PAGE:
Does Traffic Calming Work?
It’s Global Youth Traffic Safety Month and National Bike Month. What can you do to make your streets safer for all users, not just those driving cars? Can traffic calming help?
Traffic calming can take the form of physical devices such as speed humps, cushions, and curbing or it can involve visual changes such as speed display signs and variable message signs. It’s used to slow cars down and return safety to local roads. But does it work?
Not only does traffic calming improve safety and reduce speeds, it prevents crashes every day.
A thorough report on speed sign effectiveness in a wide variety of settings found encouraging data regarding radar speed sign use. Some states saw reductions in the percentage of speeding drivers by as much as 25%. Average speed reductions of 10% were seen on local roads while work zones and school zones saw reduced speeds and increased awareness.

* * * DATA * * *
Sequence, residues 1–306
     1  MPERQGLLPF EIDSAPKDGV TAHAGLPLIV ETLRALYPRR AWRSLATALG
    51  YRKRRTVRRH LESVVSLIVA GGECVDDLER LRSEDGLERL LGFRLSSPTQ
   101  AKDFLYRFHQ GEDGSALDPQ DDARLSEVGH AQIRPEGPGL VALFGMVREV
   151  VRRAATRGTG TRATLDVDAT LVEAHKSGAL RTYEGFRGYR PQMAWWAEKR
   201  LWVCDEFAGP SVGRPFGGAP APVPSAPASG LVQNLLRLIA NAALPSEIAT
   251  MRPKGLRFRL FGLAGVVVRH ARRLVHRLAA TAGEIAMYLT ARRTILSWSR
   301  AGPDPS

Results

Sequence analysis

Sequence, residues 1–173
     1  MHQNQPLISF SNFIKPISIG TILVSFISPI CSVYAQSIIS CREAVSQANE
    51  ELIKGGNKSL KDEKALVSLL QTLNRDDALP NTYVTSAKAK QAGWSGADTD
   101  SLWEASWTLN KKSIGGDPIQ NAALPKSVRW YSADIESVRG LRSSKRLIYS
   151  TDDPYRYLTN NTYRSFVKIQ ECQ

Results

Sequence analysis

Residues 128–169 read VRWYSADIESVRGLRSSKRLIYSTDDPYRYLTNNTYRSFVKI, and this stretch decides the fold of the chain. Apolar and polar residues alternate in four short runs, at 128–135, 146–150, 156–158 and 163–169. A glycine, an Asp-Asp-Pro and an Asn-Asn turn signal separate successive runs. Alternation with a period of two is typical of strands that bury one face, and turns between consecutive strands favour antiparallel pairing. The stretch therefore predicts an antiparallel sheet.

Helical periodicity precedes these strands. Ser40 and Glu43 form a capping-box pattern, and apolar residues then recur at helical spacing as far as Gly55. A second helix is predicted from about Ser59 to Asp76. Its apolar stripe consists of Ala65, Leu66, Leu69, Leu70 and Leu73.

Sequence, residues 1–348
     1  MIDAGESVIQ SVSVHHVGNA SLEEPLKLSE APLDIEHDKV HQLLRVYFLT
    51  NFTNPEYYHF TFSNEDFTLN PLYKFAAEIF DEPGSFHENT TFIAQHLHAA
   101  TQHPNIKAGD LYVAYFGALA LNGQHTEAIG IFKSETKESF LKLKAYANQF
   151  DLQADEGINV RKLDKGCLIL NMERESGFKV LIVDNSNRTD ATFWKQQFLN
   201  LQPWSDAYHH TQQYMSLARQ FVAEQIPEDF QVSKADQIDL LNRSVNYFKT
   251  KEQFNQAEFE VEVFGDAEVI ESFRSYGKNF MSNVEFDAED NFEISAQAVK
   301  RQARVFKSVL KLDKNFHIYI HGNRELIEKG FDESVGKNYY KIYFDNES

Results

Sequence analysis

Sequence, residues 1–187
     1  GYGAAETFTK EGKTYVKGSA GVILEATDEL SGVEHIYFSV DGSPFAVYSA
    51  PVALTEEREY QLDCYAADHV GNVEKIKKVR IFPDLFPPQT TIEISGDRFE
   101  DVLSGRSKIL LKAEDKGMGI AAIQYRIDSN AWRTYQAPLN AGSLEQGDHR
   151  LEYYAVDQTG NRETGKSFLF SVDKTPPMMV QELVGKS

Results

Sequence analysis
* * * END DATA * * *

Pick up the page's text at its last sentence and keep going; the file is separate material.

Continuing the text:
Traffic studies, such as this one by the FHWA, and this one by the American Journal of Public Health, found that speeds are consistently reduced and safety is increased with the use of physical devices such as speed humps and tables.
What is harder to quantify, but just as worth noting, is how many injuries and fatalities are avoided when speeds are reduced, as evidenced in this infographic.
Actively engaging in speed reduction efforts on your streets by using speed trailers, radar signs, or speed humps or cushions, can make a big difference in creating complete streets that are responsive to everyone’s needs.